A Randomly Selected Newspaper Headline:

The following is a randomly selected newspaper headline from many years ago:

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I have also added a separate page to the blog for the Tower of Magic with a brief summary of all the rooms of the ToM in the one spot. The link is just below this and above the main body of the blog, or you can just click here.

Monday, May 26, 2014

Scaling Down

With the Steampunk Airship finished, it's time to move on to something completely different.  "Le Petit Palais" is a 48th (or 1/4") scale kit by the folks at Petite Properties.  The kit itself goes together beautifully and is wonderfully detailed.  I can't vouch for the quality of the instructions provided because as usual I didn't bother to read them as the assembly really is fairly simple.  The kit is intended to be decorated in a Shabby Chic style but as I don't personally really do Shabby anything my version will be an eighteenth century ch√Ęteau.

Whenever I buy a kit it always gets altered.  The first major change to Le Petit Palais  is the addition of two "wings" of two rooms each on either side of the main building.  These additions are made from balsa wood the same thickness as the MDF kit.  I am also considering adding a basement under the main house to allow space for a kitchen and other "service" rooms.

On the ground floor of the left wing is the Music room.  The walls were painted pale blue and then scenic scrapbooking stickers (one strip of mountains overlaid with one strip of trees) were added to create a mural effect.  The floor and lower wall panels are printouts from images on the internet.

Next door in the main building is the drawing or sitting room.  Again, the wall panels and floor are printouts.  I spent days trawling the internet for every possible free printable wallpaper to use in this house.  All the printouts I'm using are printed on matte photo paper as I've found this gives the best results.

The next room is the entry hall and stairs.  Again, printed wall and floor papers with balsa wood stairs and are painted light blue.  Each step is 3mm thick.  The railing is made of black lace with toothpicks with turned ends used as posts.

The dining room is next.  The plan for this room is to be basically red and white with hits of gold.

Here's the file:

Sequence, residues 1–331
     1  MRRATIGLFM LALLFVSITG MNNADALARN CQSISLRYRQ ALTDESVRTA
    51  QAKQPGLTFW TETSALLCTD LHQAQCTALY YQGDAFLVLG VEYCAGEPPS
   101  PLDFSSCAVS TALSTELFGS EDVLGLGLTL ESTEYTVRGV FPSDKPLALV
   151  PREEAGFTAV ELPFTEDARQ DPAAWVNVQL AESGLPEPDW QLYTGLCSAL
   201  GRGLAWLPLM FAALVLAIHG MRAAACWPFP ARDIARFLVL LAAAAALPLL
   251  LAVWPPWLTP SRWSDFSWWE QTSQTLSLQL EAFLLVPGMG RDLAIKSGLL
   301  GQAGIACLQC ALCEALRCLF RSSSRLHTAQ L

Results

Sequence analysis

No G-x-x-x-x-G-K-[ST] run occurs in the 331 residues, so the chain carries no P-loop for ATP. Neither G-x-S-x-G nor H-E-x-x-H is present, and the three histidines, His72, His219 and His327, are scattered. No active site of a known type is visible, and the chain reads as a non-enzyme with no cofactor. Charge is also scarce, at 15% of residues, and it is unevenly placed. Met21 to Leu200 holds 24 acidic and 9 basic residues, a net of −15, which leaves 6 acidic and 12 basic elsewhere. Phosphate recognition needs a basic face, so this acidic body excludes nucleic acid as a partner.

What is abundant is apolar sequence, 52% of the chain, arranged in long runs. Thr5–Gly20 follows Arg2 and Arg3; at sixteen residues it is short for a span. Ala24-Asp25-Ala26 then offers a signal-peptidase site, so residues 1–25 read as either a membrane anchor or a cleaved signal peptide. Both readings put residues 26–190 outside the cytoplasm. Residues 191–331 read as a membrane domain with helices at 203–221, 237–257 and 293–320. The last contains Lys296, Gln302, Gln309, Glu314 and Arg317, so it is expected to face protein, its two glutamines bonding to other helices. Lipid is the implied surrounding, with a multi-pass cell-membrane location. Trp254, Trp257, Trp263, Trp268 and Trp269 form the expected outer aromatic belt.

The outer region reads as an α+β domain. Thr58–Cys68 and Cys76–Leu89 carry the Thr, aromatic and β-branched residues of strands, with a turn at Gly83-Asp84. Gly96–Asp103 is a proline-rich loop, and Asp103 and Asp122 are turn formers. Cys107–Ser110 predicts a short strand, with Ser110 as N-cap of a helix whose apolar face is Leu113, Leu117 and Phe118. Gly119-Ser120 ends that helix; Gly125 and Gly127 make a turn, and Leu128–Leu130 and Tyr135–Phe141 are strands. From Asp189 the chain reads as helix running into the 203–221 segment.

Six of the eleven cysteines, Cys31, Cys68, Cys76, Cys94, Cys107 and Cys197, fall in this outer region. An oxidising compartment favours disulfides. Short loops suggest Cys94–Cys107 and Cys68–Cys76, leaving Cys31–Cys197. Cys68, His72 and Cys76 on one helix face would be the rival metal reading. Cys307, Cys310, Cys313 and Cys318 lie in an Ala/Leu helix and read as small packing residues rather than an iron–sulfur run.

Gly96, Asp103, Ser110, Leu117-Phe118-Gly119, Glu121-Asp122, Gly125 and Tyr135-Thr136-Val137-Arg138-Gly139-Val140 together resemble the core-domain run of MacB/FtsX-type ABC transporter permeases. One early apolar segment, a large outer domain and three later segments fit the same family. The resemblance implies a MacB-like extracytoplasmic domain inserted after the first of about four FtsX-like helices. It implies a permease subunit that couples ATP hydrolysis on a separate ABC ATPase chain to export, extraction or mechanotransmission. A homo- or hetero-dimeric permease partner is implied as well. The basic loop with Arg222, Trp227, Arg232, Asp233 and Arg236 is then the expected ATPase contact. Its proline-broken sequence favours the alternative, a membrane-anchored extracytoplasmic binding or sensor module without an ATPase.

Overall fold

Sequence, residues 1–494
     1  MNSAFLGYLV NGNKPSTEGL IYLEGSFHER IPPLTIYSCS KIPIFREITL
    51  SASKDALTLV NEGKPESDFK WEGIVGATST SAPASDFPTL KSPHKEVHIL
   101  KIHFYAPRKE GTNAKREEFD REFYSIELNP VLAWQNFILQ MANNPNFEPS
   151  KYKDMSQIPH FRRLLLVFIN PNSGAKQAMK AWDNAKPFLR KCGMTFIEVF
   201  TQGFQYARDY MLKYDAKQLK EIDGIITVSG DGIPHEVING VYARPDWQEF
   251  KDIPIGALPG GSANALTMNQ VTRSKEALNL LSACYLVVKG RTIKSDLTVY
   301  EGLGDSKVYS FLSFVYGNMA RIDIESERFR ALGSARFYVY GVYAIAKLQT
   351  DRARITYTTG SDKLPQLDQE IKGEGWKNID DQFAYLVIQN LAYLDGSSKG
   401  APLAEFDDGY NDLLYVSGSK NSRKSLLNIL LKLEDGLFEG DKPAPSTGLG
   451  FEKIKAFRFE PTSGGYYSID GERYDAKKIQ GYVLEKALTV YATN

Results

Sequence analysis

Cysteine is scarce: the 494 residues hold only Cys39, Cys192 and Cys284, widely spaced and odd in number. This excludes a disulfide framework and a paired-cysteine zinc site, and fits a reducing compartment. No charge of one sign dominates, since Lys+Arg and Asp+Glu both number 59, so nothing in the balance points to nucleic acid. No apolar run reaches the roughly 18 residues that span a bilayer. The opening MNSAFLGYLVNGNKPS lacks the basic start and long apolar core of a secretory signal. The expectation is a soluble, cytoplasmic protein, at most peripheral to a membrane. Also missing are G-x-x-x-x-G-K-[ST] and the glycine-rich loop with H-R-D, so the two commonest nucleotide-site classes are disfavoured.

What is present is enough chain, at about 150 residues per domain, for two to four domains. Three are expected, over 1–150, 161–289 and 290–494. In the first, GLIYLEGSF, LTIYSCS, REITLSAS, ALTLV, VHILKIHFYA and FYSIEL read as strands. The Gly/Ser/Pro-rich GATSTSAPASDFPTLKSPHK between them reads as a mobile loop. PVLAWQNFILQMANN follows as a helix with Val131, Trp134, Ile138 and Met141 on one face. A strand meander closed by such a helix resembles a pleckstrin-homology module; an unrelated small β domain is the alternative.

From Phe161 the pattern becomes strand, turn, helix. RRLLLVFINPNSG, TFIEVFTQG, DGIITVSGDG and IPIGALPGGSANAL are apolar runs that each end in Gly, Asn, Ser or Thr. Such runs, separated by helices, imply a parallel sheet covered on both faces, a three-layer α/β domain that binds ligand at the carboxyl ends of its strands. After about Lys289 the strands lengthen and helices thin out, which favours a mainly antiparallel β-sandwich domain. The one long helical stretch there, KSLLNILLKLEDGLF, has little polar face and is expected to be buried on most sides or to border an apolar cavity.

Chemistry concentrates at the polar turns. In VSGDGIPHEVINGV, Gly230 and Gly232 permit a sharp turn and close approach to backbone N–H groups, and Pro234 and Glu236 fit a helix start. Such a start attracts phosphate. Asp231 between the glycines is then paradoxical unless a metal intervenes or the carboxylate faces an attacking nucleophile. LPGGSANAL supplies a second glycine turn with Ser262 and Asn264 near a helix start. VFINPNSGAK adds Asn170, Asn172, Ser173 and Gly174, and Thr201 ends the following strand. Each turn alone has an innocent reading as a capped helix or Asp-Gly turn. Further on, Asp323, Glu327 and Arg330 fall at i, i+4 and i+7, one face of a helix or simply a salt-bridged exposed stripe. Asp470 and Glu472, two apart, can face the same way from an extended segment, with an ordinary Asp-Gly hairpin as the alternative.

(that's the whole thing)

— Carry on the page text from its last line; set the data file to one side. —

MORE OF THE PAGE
The last room on the ground floor is the gentleman's smoking room (or possibly just a plain study).  This room has a barrel ceiling and a raised library area at the back.  If the white pillars look familiar it's because they are 12th scale staircase spindles.

That is Le Petit Palais so far.  By next week I hope to have begun decorating the next level of the house.

Monday, May 19, 2014

All We Need Is A Name . . . .

The Steampunk Airship is now finished bar one detail.  As usual it still hasn't been given a name.  At this point is likely to remain plain "Steampunk Airship" in perpetuity.

The balloon atop the mast is made from three polystyrene balls, some polyester stuffing and a red cotton fabric.  The net like rigging is cotton twine knotted and woven together.  The left side of the ship has been left permanently open to display the rooms inside.

The rear of the ship has a balcony that is accessed through the captains cabin and a pair of propellers.

At the front of the ship is an octopus-like figurehead made from paper clay.  The people aboard ship are polymer clay with the aid of a mould.

The captain is in her cabin studying the navigational charts to ensure they are taking the best route to their destination.

Sam is working on the engines (or what passes for engines, they still don't really look like sufficient machinery to make a ship fly).

Emily is not far away in the kitchen preparing lunch.

Less hard-working are Allen catching some sleep in his hammock . . .

 and Freddy taking a nap up on deck where the cargo hides him from view of his shipmates.

Sally has been given the job of steering the ship.

 If you're thinking that you've seen me do better projects than this one, I'd agree.  It always seems to be the case that the longer you plan and dream up ideas for a project, the more disappointing it is when you finally get around to making it.

Thursday, May 8, 2014

The Steampunk Airship's Beginings

For the past few weeks I've been working on a 24th (1/2") scale steam punk airship.  The skeleton of the ship is made from balsa wood with foam board floors.

The outside has a skin of cardboard at the back (the front remaining open for viewing).

Over the cardboard is a layer of balsa wood strips overlaid like weather boards on a house.

The wood was bent around the curve at the front of the ship by spraying it first with Windex.  I don't know the science behind this, but for whatever reason balsa wood soaked in Windex becomes more flexible.

Inside, the walls were covered in more balsa wood.  All this wood is stained with a mix of walnut and mahogany wood stain gels.

At this point I decided the ship looked to unwieldy and cut the lower floor/deck off.

This means that the cargo area has moved up into the open air on the deck and the engine room has now been squeezed into a small area behind the kitchen.

The reduced area of the engine room has made building something that resembles and engine difficult.  At the moment there is a "boiler" in the back corner, some pipework,  a set of very unconvincing pistons and a few other bits and pieces back here but no real engine.

In the central area of the ship is the kitchen and mess.

The front section contains the crew's quarters complete with some colourful hammocks.

The captain's cabin is better appointed with a proper bed and a desk.